Part of what might make falling in love after meeting online so satisfying is that people don't typically expect it to work out. Olivia Jennings, an office assistant at a non-profit, certainly didn't expect any fireworks when she was swiping on Tinder in Richmond, Virginia in August 2018. She matched with a girl named Hannah and they sent a few messages back and forth before deciding to meet up at a brewery. The circumstances weren't an obvious breeding ground for love: Olivia was three months away from moving to New York, and Hannah, who had just gotten out of a relationship, nearly canceled the date over nerves. But within a month, they were in love. They dated long-distance for eight months, then relocated together to Connecticut. "We talk all of the time about how lucky we are that we both swiped right, initiated the conversation, and showed up for the first date," Olivia says. "Nobody really expects to find love on Tinder, but then somehow, we did. So, I guess the sheer luck of it makes it romantic."
As I collected more swoon-worthy stories of digital meet-cutes, I noticed that luck and coincidence — or what some people call "fate" — often play an incredible role in bringing two people together. Lexy Townsend, who now works in higher education, says she and her boyfriend of three years, Jack, matched on Tinder after having six classes together at Arizona State University, even though they never spoke once during college. "Jack likes to tell people this likely was because I was studious and sat in the front row, and he sat in the back row so he didn't have to pay attention," Lexy says. "Thank goodness online dating is a thing, because we apparently weren't getting the universe's hints that we should meet one another in college."
Similarly, a dating app finally brought Chelsea Tageson-Crane and her fiancé Jamie together when other forces couldn't. For two years, her friend repeatedly insisted she should listen to the Friends-themed podcast Best of Friends because he thought she'd love one of the host's sense of humor. He even tried to convince her to attend the podcast's live show, but she didn't go. Chelsea, who works in TV development, explains, "The whole time, I was like, 'Nick, I don't care about this podcast, please stop telling me about it, I'm not going to listen to it.'" But then, in a twist of fate, she matched with Jamie, the podcast host her friend adored, on Hinge in the spring of 2017. They're now engaged, and yes, Nick will be in the wedding.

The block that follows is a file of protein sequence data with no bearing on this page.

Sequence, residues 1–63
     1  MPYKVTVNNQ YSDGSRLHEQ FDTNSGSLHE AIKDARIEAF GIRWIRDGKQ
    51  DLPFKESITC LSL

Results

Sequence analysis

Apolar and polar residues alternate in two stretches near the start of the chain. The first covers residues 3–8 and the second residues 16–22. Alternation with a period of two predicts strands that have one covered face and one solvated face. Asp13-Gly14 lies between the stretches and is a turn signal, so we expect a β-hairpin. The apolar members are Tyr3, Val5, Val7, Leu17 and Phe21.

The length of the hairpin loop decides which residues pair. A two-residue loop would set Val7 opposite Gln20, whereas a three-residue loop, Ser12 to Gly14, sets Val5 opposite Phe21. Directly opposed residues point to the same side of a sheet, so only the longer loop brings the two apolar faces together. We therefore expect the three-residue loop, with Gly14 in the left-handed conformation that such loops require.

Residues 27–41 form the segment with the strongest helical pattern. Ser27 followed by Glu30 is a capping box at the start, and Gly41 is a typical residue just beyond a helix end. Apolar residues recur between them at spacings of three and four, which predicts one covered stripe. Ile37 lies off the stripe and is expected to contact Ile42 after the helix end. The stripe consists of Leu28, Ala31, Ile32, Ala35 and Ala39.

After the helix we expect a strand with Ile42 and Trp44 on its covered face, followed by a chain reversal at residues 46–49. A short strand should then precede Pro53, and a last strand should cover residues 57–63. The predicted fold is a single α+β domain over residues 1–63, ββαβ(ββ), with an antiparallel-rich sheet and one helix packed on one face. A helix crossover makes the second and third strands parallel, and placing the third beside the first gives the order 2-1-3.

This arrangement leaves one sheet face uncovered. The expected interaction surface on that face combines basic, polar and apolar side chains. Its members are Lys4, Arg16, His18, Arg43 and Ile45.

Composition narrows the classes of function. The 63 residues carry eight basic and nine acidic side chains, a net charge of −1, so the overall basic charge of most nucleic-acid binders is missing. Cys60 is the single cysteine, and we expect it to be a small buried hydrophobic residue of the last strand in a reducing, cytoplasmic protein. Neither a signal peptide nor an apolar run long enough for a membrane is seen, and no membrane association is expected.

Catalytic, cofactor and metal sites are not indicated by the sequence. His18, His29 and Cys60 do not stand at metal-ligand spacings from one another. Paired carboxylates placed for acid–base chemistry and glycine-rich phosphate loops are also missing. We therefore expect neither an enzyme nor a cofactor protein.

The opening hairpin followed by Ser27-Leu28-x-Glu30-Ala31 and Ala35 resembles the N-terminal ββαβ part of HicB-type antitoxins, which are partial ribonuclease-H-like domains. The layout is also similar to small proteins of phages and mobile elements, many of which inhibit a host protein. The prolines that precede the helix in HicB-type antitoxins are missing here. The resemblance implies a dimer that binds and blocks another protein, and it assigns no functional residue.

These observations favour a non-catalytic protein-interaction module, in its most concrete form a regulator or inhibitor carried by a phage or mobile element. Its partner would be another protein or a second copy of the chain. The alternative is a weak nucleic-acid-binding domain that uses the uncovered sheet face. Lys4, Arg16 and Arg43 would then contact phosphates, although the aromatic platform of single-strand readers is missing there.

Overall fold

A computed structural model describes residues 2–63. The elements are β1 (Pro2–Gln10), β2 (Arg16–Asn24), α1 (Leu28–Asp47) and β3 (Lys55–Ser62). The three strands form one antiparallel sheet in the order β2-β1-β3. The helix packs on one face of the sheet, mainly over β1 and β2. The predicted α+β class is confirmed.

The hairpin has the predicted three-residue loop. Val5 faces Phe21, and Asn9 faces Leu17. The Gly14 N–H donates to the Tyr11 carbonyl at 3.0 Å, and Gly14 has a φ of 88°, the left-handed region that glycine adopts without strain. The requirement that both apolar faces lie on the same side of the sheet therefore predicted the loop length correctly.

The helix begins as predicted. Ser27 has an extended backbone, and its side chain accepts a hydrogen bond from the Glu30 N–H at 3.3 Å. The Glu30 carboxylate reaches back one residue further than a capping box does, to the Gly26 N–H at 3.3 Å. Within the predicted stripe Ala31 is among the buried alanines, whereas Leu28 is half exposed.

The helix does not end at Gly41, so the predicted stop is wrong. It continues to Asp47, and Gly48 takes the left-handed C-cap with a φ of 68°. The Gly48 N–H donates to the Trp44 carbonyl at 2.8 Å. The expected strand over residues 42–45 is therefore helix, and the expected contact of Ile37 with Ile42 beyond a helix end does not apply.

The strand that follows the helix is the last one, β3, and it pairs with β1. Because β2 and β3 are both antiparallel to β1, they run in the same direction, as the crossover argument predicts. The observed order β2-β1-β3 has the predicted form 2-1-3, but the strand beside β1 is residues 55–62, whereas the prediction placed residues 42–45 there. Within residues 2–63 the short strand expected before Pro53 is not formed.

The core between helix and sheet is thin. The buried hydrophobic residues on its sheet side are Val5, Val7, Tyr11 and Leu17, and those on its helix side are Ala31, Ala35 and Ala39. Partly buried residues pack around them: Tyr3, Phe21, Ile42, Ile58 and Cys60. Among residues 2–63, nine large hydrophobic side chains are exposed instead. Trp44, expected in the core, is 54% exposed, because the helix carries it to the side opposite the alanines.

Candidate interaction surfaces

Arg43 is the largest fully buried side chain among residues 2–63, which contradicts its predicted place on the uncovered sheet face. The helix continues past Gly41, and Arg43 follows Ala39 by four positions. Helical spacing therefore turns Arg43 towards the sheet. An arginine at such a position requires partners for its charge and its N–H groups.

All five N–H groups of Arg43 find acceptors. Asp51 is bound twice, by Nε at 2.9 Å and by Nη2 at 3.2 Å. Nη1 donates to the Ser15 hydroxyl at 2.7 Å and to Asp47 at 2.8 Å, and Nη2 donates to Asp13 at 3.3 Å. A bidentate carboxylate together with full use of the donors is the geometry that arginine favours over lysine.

A technological fluke led Sara Pearlman, an executive assistant, to a transatlantic romance that's been going strong for over five years now. In August 2014, she was playing around on Tinder at a restaurant in Portland, Oregon with her friends; they set the match radius to just a mile to see if they could match with anyone in the restaurant. She wound up matching with Nathan, though he wasn't nearby at all. He was from London and traveling around the United States on vacation; he had passed through Portland, but was no longer there. Because he didn't have cell service in the U.S., Portland was saved as his last location on Tinder, making the match possible. The two started talking and instantly hit it off. That fall, Nathan flew back to visit Sara, and they realized their connection was incredibly real. After four years of long-distance dating, Sara moved to London in 2018 to live with him. "I think it was fate, genuinely, and I don’t normally believe in that kind of thing," she says.
Many people say technology doesn't feel that endearing — except, of course, when it leads them to finding an incredible connection. Mriganka Chawla, a managing editor, says that by her sophomore year at Penn State she had given up on finding love. She kept meeting people who only wanted to hook up, when she really just wanted an "old-fashioned dinner date." That's when Facebook suggested she send a friend request to a guy named Kunal. She thought his profile picture was attractive, so she did. After he accepted, he sent her a message that said, "I could start this conversation with the typical, 'Hey, how's it going...' but I'm really not a fan of online communication, so how about you pick a restaurant and I take you out to dinner?" It was like fate.